“We have really done everything we could to find these folks alternative spaces, and some people took us up on those offers; some did not,” Spinelli said. “But there was ample opportunity for 100 percent of the people on that street to get help moving somewhere else.”

There are various reasons why someone might not move to the Safe Park, Spinelli said. Some may want to stay in the same neighborhood. The Safe Park is more than 8 miles from Clark College.

The Clark College adjacent location is near the Veterans Administration office and about a 30-minute walk to downtown, where many community services are.

“People tend to choose the area of town that they stay and camp in because that’s the area they consider home, and that’s what’s comfortable for them,” Spinelli said. “And for people whose vehicle is inoperable, moving clear across town with a vehicle that doesn’t operate can feel very disorienting, disconnecting.”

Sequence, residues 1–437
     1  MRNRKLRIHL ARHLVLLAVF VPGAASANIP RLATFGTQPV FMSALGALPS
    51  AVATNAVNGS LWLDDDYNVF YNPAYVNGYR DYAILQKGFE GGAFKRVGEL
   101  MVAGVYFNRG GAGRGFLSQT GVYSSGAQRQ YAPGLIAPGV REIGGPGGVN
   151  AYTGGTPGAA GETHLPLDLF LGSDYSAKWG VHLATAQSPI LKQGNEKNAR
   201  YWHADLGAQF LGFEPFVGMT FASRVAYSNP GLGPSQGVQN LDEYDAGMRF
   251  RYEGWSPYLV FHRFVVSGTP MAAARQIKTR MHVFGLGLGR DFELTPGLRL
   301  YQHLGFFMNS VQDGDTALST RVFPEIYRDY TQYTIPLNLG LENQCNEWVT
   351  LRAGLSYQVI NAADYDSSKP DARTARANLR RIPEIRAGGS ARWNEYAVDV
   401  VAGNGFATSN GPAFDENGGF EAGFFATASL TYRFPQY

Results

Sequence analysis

For some, moving to Safe Park isn’t an option.

For about a month, Maria Negron had lived in her small RV on Fort Vancouver Way. On Aug. 1, an officer handed her a notice that said she had to leave in two weeks or her vehicle could be impounded and she could be arrested for violating the law.

Negron, who is deaf, has experienced homelessness for about a year, living in her RV. This is the third time she has been asked to move. She said she would consider going to the Safe Park, but she was kicked out last time and cannot return for a while.